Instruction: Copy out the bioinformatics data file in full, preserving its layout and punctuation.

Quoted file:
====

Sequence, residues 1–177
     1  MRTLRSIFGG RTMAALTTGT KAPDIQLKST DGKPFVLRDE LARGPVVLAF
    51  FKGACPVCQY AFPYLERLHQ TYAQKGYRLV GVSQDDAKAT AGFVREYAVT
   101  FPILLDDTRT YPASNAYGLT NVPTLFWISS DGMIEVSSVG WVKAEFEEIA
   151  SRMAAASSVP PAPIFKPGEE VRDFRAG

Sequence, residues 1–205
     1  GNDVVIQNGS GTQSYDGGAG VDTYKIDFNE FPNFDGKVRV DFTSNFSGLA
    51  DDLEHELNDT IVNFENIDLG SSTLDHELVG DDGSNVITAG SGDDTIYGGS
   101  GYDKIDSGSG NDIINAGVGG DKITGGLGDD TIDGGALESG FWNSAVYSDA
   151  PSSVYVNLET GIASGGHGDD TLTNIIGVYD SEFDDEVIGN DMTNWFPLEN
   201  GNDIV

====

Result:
Sequence, residues 1–177
     1  MRTLRSIFGG RTMAALTTGT KAPDIQLKST DGKPFVLRDE LARGPVVLAF
    51  FKGACPVCQY AFPYLERLHQ TYAQKGYRLV GVSQDDAKAT AGFVREYAVT
   101  FPILLDDTRT YPASNAYGLT NVPTLFWISS DGMIEVSSVG WVKAEFEEIA
   151  SRMAAASSVP PAPIFKPGEE VRDFRAG

Sequence, residues 1–205
     1  GNDVVIQNGS GTQSYDGGAG VDTYKIDFNE FPNFDGKVRV DFTSNFSGLA
    51  DDLEHELNDT IVNFENIDLG SSTLDHELVG DDGSNVITAG SGDDTIYGGS
   101  GYDKIDSGSG NDIINAGVGG DKITGGLGDD TIDGGALESG FWNSAVYSDA
   151  PSSVYVNLET GIASGGHGDD TLTNIIGVYD SEFDDEVIGN DMTNWFPLEN
   201  GNDIV